This Is a New One: ‘Reality Privilege’
My cmnt: There were no video games when I was growing up instead we had pinball machines (which I didn’t play because I had no money) but my cousin did for hours at Treasure City. He played because his mom gave him money and wanted him out of her hair and he was good enough to make four quarters last a very long time. Pinball was so cool (still is) they had their own song “Pinball Wizard” which came out in 1969 by “The Who”.
My cmnt: My kids and now my grandkids love to play video games. My wife and I went to some expense and a lot of battles with them to have our kids learn to play the piano. They both fought it tooth and nail. Today they can still play video games fairly well and the piano not at all.
Examining Meta, Michael Brendan Dougherty shares an anecdote:
At some point in my adolescence, a friend who played guitar explained to me that he gave up video games because it just meant spending time building up skills and achievements that had no meaning outside the game or to anyone else. The guitar, as a discipline, gave my friend an outlet for artistic expression, and he was able to bring real joy to people in the real world with it. Becoming a guitarist not only changed the way he thought, but physically changed his hands over time.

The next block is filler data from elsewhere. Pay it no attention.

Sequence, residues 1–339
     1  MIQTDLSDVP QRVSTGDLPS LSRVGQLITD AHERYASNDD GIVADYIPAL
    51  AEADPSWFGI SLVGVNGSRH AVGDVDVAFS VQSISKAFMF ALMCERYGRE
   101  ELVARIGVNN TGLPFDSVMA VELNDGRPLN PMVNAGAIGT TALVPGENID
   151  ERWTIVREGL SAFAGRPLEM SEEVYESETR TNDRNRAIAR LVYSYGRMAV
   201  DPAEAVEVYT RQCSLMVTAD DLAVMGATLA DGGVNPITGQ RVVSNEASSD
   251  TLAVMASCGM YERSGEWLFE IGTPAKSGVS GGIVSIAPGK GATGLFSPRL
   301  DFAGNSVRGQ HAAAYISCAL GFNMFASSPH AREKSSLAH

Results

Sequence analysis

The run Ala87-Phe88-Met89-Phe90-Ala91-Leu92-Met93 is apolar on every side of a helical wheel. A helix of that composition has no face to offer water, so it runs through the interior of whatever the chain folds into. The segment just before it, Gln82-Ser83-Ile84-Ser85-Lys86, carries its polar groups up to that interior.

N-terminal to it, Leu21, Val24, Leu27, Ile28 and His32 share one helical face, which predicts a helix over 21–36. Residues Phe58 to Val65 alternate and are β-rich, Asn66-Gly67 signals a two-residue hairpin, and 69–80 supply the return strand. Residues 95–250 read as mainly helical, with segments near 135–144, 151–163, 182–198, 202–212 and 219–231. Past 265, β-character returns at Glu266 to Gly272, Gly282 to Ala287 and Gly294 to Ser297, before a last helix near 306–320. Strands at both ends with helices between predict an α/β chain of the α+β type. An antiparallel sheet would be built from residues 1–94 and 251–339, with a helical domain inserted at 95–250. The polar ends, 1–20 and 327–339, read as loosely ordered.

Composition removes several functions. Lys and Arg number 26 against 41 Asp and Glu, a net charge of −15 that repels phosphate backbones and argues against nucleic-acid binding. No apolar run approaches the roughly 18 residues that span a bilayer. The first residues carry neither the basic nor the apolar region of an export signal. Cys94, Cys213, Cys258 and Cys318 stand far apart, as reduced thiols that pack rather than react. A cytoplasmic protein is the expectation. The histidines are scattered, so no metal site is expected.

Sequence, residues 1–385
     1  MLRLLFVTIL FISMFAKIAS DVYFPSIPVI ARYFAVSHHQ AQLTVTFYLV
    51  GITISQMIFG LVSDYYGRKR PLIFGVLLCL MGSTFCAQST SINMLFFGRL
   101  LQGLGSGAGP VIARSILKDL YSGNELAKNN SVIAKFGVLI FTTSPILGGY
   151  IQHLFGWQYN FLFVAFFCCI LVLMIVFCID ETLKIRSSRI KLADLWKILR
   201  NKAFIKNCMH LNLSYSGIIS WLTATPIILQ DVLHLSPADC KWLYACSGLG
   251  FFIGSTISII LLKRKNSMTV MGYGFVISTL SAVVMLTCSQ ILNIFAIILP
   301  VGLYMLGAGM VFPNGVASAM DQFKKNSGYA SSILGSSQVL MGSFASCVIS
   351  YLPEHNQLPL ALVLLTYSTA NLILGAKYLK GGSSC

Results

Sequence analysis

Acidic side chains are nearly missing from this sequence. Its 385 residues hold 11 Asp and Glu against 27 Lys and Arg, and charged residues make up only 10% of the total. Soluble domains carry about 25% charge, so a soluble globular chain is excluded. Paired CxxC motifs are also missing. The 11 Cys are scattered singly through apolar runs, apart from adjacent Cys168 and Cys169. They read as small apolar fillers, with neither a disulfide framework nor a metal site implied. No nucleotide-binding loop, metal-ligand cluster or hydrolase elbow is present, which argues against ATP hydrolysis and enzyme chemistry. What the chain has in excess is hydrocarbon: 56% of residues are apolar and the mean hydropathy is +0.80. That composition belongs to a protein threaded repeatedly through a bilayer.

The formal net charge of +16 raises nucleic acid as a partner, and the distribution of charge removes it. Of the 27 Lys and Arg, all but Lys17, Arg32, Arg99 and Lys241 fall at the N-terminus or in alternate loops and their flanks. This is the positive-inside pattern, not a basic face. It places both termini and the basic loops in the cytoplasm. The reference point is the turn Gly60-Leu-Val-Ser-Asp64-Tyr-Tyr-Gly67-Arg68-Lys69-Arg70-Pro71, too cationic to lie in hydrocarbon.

Cam and I talked a bit about video games in the early chapters of Heavy Lifting. If you enjoy video games, fine; it’s a free country, and everybody relaxes in their own way.
But if you relax by painting or doodling, after a while you’ve got a painting or a doodle. If you channel your thoughts and feelings and stresses through creative writing, you end up with a story or poem. If you relax by cooking, you end up with a meal. If you play video games . . . what do you have when you’re done?
Michael also spotlights what strikes me as a spectacularly odd argument from Meta board-member Marc Andreessen:
The Reality Privileged, of course, call this conclusion dystopian, and demand that we prioritize improvements in reality over improvements in virtuality. To which I say: reality has had 5,000 years to get good, and is clearly still woefully lacking for most people; I don’t think we should wait another 5,000 years to see if it eventually closes the gap. We should build — and we are building — online worlds that make life and work and love wonderful for everyone, no matter what level of reality deprivation they find themselves in.
Was this written by the machines in The Matrix or something?